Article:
U of A Student Innovation Team Wins Graduate Division at 20th Annual Arkansas Governor's Cup

Members of CelluDot pictured above include CEO Joseph Batta-Mpouma, (blue cap), chief research and development office Gurshagan Kandhola (grey sweater) and CFO Jaymin Patel (grey coat).
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Members of CelluDot pictured above include CEO Joseph Batta-Mpouma, (blue cap), chief research and development office Gurshagan Kandhola (grey sweater) and CFO Jaymin Patel (grey coat).

LITTLE ROCK, Ark. — A University of Arkansas student innovation team seeking to end herbicide drift took the top prize in the graduate division of the 20th annual Arkansas Governor's Cup on Wednesday during a virtual awards ceremony.

"We see our solution adding great value to the agricultural sector not just in Arkansas, but in all states involved in soybean, cotton and corn farming," said Gurshagan Kandhola, CelluDot's chief research and development officer. 

"Our mission is to end the problem of drift with a biobased product that keeps herbicides at the target site of application, a win-win for farmers, agrochemical companies and the environment."

Kandhola added that guidance from Carol Reeves and Sarah Goforth in the Office of Entrepreneurship and Innovation, as well as Jin-Woo Kim, a professor in the university's Biological and Agricultural Engineering Department, were instrumental in CelluDot's journey.

Last month, 50 students representing 18 teams from eight Arkansas universities made virtual presentations to nearly 30 judges during the final round of competition.

Teams were judged in several areas, including identification of the problems in the marketplace and how their business ideas will solve them, demonstrations of customer discovery and validation to prove viability of ideas and revealing what was learned from customer research, identification of potential competitors in the marketplace, explanations of how marketing and distribution will be addressed, addressing possible critical risks to the businesses.

"Thanks to videoconferencing technologies and the flexibility of everyone involved in this process, we've been able to pull off this competition in the midst of a world turned upside down," said Rush Deacon, CEO of ACC, which has managed the Governor's Cup since the first competition in 2001.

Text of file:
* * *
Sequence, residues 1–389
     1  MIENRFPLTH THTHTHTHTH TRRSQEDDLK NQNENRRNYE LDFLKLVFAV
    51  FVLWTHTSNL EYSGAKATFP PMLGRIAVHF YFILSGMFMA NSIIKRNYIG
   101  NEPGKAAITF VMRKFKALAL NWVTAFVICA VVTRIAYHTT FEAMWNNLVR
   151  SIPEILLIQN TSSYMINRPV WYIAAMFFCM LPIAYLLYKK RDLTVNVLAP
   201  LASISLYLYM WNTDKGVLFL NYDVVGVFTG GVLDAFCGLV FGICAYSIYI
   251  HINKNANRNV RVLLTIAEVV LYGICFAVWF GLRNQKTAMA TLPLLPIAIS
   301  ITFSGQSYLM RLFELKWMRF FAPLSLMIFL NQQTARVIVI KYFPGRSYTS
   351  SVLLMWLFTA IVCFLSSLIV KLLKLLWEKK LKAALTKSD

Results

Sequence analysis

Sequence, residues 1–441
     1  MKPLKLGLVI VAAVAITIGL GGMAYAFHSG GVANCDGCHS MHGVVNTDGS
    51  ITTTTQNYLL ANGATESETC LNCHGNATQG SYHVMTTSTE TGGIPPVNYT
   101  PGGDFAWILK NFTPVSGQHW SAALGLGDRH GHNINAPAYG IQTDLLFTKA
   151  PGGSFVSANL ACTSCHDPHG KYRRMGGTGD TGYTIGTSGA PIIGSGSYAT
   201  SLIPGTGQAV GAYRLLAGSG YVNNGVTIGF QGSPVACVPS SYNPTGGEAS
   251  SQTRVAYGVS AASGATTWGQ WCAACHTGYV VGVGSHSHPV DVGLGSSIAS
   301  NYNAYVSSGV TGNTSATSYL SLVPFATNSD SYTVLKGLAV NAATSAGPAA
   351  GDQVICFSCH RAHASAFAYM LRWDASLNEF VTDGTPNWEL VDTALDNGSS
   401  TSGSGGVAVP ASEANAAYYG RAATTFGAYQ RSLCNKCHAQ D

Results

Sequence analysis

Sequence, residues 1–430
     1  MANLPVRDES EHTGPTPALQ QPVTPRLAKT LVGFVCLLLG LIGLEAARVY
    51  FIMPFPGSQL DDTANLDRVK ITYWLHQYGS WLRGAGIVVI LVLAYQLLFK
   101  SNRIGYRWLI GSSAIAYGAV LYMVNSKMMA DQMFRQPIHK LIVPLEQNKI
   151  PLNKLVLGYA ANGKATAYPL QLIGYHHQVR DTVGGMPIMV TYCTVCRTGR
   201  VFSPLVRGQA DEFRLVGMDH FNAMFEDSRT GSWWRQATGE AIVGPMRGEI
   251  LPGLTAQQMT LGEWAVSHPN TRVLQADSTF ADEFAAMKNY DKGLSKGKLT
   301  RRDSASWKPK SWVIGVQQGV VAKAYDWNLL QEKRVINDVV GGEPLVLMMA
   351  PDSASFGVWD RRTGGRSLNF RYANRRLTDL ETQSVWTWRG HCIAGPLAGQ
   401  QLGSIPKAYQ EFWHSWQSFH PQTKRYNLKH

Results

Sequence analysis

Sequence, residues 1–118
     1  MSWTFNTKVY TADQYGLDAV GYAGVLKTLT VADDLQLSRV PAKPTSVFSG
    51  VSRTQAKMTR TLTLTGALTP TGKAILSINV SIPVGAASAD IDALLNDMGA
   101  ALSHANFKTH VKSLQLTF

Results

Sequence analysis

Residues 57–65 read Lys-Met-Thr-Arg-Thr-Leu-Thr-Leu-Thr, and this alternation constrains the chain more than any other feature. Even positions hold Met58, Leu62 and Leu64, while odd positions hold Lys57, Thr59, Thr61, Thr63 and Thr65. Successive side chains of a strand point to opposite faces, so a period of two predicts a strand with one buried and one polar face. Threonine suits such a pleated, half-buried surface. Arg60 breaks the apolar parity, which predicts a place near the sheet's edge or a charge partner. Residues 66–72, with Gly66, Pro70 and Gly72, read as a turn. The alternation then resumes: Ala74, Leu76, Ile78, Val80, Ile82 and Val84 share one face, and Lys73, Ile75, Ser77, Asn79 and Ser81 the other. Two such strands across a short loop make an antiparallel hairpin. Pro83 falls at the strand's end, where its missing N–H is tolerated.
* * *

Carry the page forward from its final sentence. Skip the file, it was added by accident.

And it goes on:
The distribution of the Governor's Cup $154,000 cash prize pool includes $25,000 to the winners of the graduate and undergraduate divisions, $15,000 to the second place winners in both divisions, and $10,000 for both third place winners. 

Faculty advisors for all six winning teams each received $2,000 in cash. For the Innovation Division, a winning team is chosen in both the graduate and undergraduate divisions. Each team received a $5,000 cash prize.

Other winners in the graduate division included second-place finisher T.I.B.N., also from the U of A, and Face-to-Face from the University of Arkansas at Little Rock, in third.

ImmunoSense of Ouachita Baptist University, won the undergraduate division while BioPrecision of Harding University, and Never Cargo of Arkansas Tech University, finished in second and third, respectively.

About the Governor's Cup: Since 2001, more than $3 million has been contributed by sponsors to support these teams and grow our state's future entrepreneurs and business leaders, an average of $150,000 annually. The purpose of Governor's Cup remains the same as when the competition was launched 20 years ago:

  • Promote and support college students in their entrepreneurial endeavors and new venture creation

  • Encourage commercialization of promising ideas emerging from colleges and universities;

  • Build bridges between these collegiate institutions and the entrepreneurial community; and,

  • Become one of the premier business plan competitions in the United States.


Brandon Howard, communications and social media specialist
Office of Entrepreneurship and Innovation
479-418-4803, bjhoward@uark.edu


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